Tuesday, March 02, 2010

Bike Shop Tales: The Bike Acquisition Syndrome

When you work at a bicycle shop, and you love bicycles, it is hard not to indulge yourself in the acquiring of more bicycles..........

As my first year went along, I became aware that the cutting edge of off road cycling was in suspension front forks, anodized, CNC'ed parts, and narrow rims. My Klein didn't really have any of that. The one thing I really was wishing I had was a suspension "device". 

Yeah.....not a fork, and not a "suspension fork", because calling anything designed to absorb impacts and hold your front wheel on your mountain bike back then was giving it way too much credit! Some of these designs for suspension were weird, didn't really work, or were flat out dangerous to use. No, if you wanted a "real" suspension device- one that worked- you got a Rock Shox Mag 20 or Mag 21. Nothing else was even close back then. Oh sure, you had your Manitous, your Lawhill Leaders, but Rock Shox was the fork you wanted.

Well, that is unless you could get your hands on a Specialized Future Shock. Basically a re-badged Mag 20, the Future Shock was a good deal. And it became an even better deal when Tom, the boss at Advantage, got a bunch of them on close out, or something. Anyway, several race team memebers got them, and when those bikes were done for the season, they were traded in, or sold for next years models. That is how I came upon getting a Park Pre 925 Team model one day.

It was traded in, cheap, steel, had a Future Shock on it, and was........ugly! Neon greeninsh/yellow with a pink squiggle separating a blue rear triangle. Not very sell-able in our market. That was perfect for me though, and it wasn't long before I had myself a steel hardtail with a suspension fork. Trouble was, the fork needed an overhaul. So, in another round of Tom saying, "You can do this", and my being unsure, I ordered the rebuild kit. I came in on a day I didn't have to work and spent the whole day rebuilding this fork very carefully. I laid out the parts one by one, and read the manual to make sure I didn't goof it up. I got oily, I got a bit confused in a couple places, but I got it done. That fork worked again!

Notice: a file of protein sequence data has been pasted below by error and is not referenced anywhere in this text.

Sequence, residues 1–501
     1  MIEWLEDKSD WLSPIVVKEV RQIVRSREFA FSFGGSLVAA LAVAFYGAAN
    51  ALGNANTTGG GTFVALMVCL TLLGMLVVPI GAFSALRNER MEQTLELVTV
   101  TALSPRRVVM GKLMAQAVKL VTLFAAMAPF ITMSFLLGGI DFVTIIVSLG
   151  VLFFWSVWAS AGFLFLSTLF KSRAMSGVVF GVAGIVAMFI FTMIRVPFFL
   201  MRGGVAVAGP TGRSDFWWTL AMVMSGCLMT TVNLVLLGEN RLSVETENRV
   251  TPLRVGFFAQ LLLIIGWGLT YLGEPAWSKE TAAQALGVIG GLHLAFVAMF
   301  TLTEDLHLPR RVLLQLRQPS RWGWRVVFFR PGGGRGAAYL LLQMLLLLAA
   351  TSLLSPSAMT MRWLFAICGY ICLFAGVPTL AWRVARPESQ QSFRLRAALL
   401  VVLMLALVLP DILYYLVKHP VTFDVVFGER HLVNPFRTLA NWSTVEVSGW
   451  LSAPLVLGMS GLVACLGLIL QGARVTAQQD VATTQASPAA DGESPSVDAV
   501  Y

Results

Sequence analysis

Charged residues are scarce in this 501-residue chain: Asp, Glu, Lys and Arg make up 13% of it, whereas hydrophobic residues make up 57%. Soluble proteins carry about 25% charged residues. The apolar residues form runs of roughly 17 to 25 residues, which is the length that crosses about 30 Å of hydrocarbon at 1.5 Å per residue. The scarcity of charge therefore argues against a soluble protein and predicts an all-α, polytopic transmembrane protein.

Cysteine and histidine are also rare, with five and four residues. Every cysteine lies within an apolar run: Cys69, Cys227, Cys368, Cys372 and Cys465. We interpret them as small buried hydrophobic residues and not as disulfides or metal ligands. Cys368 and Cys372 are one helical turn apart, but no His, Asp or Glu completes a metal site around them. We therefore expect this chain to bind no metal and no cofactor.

Not long afterwards I got some Paul Components brakes for it. The long armed cantilevers with more leverage. I ditched the old DX brakes and slapped those on, (in a blue anodized finish, of course!) and went out back to see how good these really were. Boy Howdy! I about endoed the rig! These brakes were awesome! Or so I thought at the time. In reality, I had better brake pads, which was probably 95% of the gain in performance right there, but back then it was all about getting the new/different rig, and pimping it out. And I didn't stop there either!

Next week: More Bike Acquisition Syndrome!


mw said...

for my first fork i went with the mongoose badged amp F-2, the cromo legged version. i think that's the right number. great fork new. not new=terrible fork. clangy like a mo-fo.

Guitar Ted said...

@mw: I still have two Amp forks in the basement. Both with Rock Shox standard disc tabs. Those were pretty amazing forks when new.

Vito said...

I find it difficult to squelch the desire to acquire new bikes and I don't work in a bike shop.

mw said...

i'll have to dig up pictures of my first working at the bike shop dream bike. that amp fork i mentioned with custom paint on the front of a fat city with an amp b-1 alum rear triangle. grafton brakes, levers, bb, crank. all xt otherwise. dean ti post. it was killer.

Marla said...

I remember seeing Hairball racing in what was the downhills of NORBA races with a spanky Rock Shox. I think my first device or fork by the time I could afford one was a Trek DS2 or something? Hmmm....what was that! A far cry from the forks of today!